The city of Las Cruces, the town of Mesilla, and Dona Ana County each have their own government systems.
City of Las Cruces Las Cruces Government
The Las Cruces City Council meets in regular session three times per month to publicly consider, and enact, actions that help govern life within the municipality.
Meetings held the first and third Monday are for general matters related to the governance of the city. The meeting held the fourth Monday of the month is dedicated to land use and zoning-related issues.
All regular meetings are scheduled for 1:00 p.m. in council chambers at City Hall, 700 N. Main St. unless posted otherwise. Once every three months, the council meets at 5:00 p.m.
The city of Las Cruces provides ample opportunity for the public to obtain and review agenda item information prior to City Council meetings.
Official agendas of regular meetings are provided by the city clerk’s office no later that the Thursday prior to the Monday meeting. Hard copies of the agendas are available at the city clerk’s office and information booth inside City Hall, and at Branigan Library, 200 E. Picacho Ave. Agendas are also available electronically on the home page of the city of Las Cruces web site at www.las-cruces.org
In addition to the agenda, which lists the resolution or ordinance number and brief description of the item to be considered, is the agenda packet. The packet contains all relevant background information related to each agenda item.
“The City Council agenda packet is an extremely useful resource, not just for city councilors, but for the public,” says the former City Manager Terrence Moore. “The city clerk’s office provides all information well in advance of regular council meetings in order to give the public ample to review and digest the information. Doing so helps keep council meetings running smoothly and efficiently once they are called to order,” Moore said.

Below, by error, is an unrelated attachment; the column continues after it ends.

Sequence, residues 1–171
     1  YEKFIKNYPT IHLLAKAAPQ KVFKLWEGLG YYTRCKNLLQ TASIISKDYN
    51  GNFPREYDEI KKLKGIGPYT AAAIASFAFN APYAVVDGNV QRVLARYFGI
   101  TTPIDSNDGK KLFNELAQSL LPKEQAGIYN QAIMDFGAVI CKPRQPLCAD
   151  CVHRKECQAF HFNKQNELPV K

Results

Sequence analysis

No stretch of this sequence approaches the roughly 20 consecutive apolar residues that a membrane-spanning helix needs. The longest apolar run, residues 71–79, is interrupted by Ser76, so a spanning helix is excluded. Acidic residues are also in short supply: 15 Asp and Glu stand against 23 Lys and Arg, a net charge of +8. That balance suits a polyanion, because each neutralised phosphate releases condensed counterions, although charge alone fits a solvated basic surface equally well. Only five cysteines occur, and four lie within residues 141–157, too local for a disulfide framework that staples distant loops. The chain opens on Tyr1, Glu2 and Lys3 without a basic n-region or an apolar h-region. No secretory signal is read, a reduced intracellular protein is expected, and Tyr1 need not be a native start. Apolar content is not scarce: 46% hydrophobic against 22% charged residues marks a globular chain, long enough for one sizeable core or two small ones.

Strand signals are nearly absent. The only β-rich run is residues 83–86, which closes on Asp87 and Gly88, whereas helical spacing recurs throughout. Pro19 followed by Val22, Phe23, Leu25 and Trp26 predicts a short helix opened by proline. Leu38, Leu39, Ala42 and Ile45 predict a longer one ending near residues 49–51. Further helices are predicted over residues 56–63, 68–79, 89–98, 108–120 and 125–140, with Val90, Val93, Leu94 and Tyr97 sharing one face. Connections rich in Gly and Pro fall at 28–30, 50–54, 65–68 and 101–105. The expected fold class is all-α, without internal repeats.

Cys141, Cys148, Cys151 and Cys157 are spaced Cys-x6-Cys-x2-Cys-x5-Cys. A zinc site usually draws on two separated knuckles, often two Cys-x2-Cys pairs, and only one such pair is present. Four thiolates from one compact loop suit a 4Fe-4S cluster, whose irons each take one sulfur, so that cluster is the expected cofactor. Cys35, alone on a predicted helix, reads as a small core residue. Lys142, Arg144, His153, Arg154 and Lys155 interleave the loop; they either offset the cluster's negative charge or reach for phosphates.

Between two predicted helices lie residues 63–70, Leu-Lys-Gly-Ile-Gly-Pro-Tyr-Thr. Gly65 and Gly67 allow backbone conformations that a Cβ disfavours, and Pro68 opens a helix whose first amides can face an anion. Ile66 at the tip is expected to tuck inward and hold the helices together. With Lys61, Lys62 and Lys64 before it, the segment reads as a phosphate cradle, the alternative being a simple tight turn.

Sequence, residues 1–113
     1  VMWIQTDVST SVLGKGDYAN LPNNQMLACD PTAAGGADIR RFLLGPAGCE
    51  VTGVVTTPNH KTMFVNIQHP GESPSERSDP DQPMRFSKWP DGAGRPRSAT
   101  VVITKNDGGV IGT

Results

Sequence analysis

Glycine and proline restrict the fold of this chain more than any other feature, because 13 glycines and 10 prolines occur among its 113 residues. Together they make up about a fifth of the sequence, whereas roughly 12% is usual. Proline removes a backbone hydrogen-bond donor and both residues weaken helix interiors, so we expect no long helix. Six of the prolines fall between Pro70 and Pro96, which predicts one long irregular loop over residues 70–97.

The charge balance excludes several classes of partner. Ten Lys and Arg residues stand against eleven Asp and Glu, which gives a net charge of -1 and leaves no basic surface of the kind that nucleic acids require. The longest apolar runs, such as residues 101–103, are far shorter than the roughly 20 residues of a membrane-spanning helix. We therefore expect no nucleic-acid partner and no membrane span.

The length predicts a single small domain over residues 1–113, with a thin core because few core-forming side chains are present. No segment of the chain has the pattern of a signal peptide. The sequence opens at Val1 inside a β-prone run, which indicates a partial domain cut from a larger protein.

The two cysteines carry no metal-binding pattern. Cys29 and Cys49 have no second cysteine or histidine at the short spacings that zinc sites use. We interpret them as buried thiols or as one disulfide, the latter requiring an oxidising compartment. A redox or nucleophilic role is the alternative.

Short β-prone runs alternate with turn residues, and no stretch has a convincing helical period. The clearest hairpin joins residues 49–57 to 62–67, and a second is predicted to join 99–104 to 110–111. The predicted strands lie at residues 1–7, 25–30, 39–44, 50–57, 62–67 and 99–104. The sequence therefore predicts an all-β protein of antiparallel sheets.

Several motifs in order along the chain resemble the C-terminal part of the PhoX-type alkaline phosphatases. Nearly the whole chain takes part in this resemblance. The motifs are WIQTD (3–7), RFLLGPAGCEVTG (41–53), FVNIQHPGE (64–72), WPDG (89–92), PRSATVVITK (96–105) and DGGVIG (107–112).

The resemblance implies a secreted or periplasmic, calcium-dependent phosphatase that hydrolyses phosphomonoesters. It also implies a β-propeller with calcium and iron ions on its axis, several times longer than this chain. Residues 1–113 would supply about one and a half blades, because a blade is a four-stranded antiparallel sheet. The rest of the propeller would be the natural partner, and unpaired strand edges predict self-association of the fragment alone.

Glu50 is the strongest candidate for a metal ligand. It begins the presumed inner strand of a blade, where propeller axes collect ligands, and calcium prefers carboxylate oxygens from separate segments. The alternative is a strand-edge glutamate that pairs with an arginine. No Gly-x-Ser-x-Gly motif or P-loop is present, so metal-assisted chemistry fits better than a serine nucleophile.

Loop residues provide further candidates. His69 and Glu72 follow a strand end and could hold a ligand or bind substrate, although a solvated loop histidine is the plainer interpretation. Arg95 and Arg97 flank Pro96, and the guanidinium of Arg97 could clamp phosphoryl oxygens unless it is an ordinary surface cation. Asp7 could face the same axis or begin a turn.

Part of the regular council meeting agenda is the consent agenda. Consent agenda items are approved by a single, unanimous vote by council without discussion. These items are typically considered routine matters that do not warrant extensive council consideration.
According to City Clerk Esther Martinez-Carrillo, “Any member of the public may request that a consent agenda item be removed for discussion by the council, by making the request to the city clerk or any member of council prior to the start of the council meeting.”
“While pulling a consent item from the agenda is a useful tool for a member of the public to better understand an issue, it should not be abused. Too often we see numerous consent items pulled for discussion when prior review of the agenda packet would have sufficed,” said former Manager Moore. “Ongoing misuse of pulling consent items detracts from council discussion and consideration of more substantial agenda items.” Moore said.
In most cases, a member of the public who has a question about a consent agenda item or would like additional information may contact the city manager’s office, which will then connect that person with a staff member who can provide the information without detracting from the council meeting.
“As the city grows, it is imperative that the public understand how the council meeting process works, since resulting actions in many ways govern how we live our lives as residents of Las Cruces. While we strive to make as much information available to the public as we can, we do ask that residents be responsible when seeking that information,” Moore said.
Las Cruces is a home-rule municipality with a Council-Manager form of government as specified by the City Charter. The City has about 1,400 employees and a $390 million annual budget for fiscal year 2011/2012.
The City Manager is the chief administrator of the City, responsible for its day-to-day operations. The City Manager offers leadership, direction and guidance to all departments and sections of the organization.
Additionally, the City Manager implements policies and programs that are prioritized and directed by the City Council and governed under the City of Las Cruces City Charter.
The Las Cruces City Council consists of six City Councillors and one Mayor, who chairs the meetings. The Mayor is elected at-large and each of the City Councillors represents one neighborhood district within the City. Each resident of Las Cruces is thus represented by the Mayor and by one City Councillor. The Mayor and City Council serve staggered four-year terms. You can attend any of the public Council meetings at City Hall any time of the year.